If you’ll find time again, here’s a video I came across of Mr. Yanus speaking at MIT last September 2005. The video is entitled Ending Global Poverty.
Here’s an interview with Fr. Sean Connaughton on his work in the Philippines in setting up a Grameen Bank. It tells some of the experiences and the ways how they implemented it with the people.
Although I do not know yet of the details on how the Grameen Bank or its microcredit program strategize to help support the starting little successes of these small entrepreneurial endeavors of the borrowers, I believe the key here is helping them discover their potentials and providing them education that could help gradually widen their perspective.
For me and for now, I would like to see us Filipinos start learning simple creative products the Japanese have produced and continue to produce.
Normal logic would tell us that business should be profitable. Banks, for its business safety, check borrowers for its capacity to repay loans and as much as possible to have a collateral or guarantor.
Grameen Bank, Bangladesh defies this common sense and puts its faith in the ability and heart of the country’s poorest of the poor. A bank which goes out of its way to find needy people and help them stand up by letting them borrow small capitals.
Here is the story of the bank and that of Mohammad Yunus who come to realize that large problems are composite of a great number of simple problems and as such can be solved by simple people.
This is the lesson, the model, and the concurrent endeavor worthy of our real attention as people of our own nations and people for our world.
Filipinos are global. Thanks to the state of our country, the seemingly endless difficulties. Filipinos exists in every corner of this world. Filipinos abroad strived, and a many succeeded.
Now, to those who have made it well in companies abroad, what about introducing the country to your company as a possible location to establish, say a subsidiary, where some of your company’s operation can be done.
You can also contact schools and local organizations to mention your skill needs or expected of a graduate. You can also advice schools to make them more focused too to the possible demands.
Maybe it’s time we start think of ways where we can transform into cycle the movements of Filipinos abroad rather than just a one-way direction. Just imagine how the Indians moved to the US before and then how they were able to bring home afterwards the companies they are working with.
Eversince, what I always here from my Philippine Government and business leaders in the country is the push to attract foreign investments into the country. Special tax-reduction programs, BOT, special trade zones, and the like.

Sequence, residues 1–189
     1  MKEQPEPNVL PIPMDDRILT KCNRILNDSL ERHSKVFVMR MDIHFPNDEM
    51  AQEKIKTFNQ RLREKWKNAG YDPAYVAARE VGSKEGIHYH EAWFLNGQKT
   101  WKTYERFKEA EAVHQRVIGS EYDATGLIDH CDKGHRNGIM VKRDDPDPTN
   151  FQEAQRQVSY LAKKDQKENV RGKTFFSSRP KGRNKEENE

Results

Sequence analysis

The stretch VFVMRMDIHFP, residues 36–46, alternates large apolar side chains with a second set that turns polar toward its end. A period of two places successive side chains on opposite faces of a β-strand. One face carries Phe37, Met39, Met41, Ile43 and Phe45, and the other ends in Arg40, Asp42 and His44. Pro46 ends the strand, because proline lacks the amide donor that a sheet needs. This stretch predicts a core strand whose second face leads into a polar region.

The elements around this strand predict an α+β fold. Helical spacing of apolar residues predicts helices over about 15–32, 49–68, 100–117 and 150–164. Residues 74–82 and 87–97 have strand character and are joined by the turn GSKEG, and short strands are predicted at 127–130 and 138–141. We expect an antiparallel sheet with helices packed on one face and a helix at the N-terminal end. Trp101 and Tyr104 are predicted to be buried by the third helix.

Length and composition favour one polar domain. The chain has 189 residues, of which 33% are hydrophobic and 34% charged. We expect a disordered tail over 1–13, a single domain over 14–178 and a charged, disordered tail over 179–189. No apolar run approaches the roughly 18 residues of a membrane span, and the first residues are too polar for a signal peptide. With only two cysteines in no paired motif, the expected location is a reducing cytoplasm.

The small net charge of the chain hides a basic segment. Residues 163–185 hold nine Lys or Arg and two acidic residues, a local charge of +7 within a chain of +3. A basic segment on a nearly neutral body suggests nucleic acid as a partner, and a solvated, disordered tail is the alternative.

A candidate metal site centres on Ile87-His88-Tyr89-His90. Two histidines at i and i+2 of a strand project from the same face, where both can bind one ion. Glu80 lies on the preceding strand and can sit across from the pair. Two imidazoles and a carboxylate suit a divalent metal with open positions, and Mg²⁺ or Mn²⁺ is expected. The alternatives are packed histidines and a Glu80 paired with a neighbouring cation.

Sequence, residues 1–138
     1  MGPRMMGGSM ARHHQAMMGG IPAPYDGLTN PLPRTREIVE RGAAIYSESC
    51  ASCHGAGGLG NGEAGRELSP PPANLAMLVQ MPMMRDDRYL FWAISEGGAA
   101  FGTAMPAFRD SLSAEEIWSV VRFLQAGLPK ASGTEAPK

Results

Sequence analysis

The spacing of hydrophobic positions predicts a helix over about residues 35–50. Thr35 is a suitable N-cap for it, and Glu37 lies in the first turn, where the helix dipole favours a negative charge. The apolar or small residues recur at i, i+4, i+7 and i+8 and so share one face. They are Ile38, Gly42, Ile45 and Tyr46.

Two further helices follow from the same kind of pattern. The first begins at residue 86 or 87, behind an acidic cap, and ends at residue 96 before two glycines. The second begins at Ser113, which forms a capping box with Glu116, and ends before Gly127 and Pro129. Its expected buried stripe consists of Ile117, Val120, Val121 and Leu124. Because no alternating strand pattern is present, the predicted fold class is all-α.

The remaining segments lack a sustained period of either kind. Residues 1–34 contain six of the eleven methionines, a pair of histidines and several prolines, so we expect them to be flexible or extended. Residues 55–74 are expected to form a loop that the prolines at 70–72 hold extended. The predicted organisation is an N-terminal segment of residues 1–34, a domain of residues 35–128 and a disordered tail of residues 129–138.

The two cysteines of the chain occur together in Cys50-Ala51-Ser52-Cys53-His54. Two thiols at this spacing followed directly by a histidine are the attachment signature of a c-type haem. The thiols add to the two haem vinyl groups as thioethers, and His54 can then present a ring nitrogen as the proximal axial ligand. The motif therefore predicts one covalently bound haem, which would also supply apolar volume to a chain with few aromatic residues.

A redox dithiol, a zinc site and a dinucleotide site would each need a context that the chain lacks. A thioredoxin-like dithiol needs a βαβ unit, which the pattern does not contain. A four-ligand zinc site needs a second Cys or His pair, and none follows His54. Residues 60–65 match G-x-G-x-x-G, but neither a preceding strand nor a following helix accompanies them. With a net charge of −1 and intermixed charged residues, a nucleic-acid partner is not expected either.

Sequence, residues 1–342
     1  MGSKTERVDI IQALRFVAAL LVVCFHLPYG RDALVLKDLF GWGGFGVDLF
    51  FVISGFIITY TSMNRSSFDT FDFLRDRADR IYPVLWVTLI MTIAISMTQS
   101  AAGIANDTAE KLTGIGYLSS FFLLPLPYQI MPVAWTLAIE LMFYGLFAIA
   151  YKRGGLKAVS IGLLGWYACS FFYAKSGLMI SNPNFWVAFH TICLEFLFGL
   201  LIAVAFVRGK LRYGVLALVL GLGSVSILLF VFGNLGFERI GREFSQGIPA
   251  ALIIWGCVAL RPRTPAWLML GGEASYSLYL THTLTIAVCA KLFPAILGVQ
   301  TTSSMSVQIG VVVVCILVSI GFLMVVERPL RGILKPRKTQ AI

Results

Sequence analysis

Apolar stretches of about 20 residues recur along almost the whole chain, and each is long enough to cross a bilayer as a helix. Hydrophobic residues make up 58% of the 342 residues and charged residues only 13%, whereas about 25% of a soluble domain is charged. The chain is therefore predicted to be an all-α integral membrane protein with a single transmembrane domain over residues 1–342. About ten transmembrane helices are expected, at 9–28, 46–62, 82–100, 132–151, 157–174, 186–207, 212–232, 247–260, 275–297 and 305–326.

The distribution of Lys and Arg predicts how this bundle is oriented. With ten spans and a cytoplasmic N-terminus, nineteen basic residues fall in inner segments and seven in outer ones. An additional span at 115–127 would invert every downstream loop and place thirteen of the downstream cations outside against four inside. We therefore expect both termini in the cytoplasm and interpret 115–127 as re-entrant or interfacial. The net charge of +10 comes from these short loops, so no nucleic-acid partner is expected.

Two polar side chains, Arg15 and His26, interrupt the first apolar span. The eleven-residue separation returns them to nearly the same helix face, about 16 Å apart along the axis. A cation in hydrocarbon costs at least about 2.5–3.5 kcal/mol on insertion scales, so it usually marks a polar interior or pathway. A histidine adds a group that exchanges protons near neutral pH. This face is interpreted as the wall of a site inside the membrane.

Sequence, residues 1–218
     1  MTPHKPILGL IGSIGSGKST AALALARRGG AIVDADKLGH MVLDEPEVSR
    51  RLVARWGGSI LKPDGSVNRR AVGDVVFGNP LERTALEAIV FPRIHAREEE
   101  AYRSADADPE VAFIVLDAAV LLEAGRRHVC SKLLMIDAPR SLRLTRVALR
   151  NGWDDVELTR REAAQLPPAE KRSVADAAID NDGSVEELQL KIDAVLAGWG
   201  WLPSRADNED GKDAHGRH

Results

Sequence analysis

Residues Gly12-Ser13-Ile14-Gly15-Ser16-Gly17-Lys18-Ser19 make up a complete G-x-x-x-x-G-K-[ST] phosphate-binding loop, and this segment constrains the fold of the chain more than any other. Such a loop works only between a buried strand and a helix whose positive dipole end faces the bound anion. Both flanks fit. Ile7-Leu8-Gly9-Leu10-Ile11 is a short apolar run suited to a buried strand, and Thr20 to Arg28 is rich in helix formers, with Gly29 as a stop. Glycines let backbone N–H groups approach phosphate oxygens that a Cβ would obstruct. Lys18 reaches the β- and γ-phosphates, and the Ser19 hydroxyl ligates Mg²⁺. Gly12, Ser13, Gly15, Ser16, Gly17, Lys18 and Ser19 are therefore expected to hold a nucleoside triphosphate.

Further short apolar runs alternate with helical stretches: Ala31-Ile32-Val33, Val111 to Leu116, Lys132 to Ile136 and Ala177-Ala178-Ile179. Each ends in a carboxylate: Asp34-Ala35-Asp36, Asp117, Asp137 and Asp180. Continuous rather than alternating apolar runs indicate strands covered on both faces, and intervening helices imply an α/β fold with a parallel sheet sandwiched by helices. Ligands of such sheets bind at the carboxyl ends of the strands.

I didn’t mean this is not good, it is in fact necessary for every nation per se.
Yet, I have thought, why I haven’t heard a lot of a push in the lines of “helping the nation through creation of real quality products.”
You know what, back centruies ago, nation like Japan sent missions of people in Europe to learn how to construct better roads, better medicine, better industrial processes – you know, things they could learn and build upon in there home country.
Before I really find it funny how the Japanese are so so meticulous, not stopping to think of how to improve things, even small small things, like innovations in cooking, in simple home cooking, in small kitchenwares, in small bathroom utilities, in program shows in TV that not only offer to entertain but also a touch of educational trivias.
Do you believe there is a way to create quality products at a cheaper cost and consequently at acheaper price for the people? If we want this, we need to think, to be creative, and to try. Let us learn even little things wherever we may find them, take note of them, and think of how we can adopt it to the Philippines. Think of how we can emulate it, improve it.
Imagine, if we have companies in the Philippines that offer quality product at a cheaper price or affordable and fair price for the people, we help the country. Importantly, we can help our fellow Filipinos.
One more thing, maybe this is worth another thorough reflection, but allow me to just state it here now, “business enterprises – goal is not profit alone but helping the people who uses the product through quality and fair price.“
I have been watching ITVJapan online interview broadcasts before to hear some views on business topics in Japan by some industry personalities both foreigner and Japanese.
And today I got excited to find out about Antonina Binsol, a Filipina guest on the Asian Connection segment. She is said to be an Assitant Manager at Mizuho Securities now. She was a Monbusho Scholar before and finished a PhD at Keio University.
It’s great to know the NPO organizations she is trying to help organize and facilitate together with some other OFWs from different countries.
“Thank God, I’m a Filipino!” by Maoi Arroyo, I guess not related to GMA. 🙂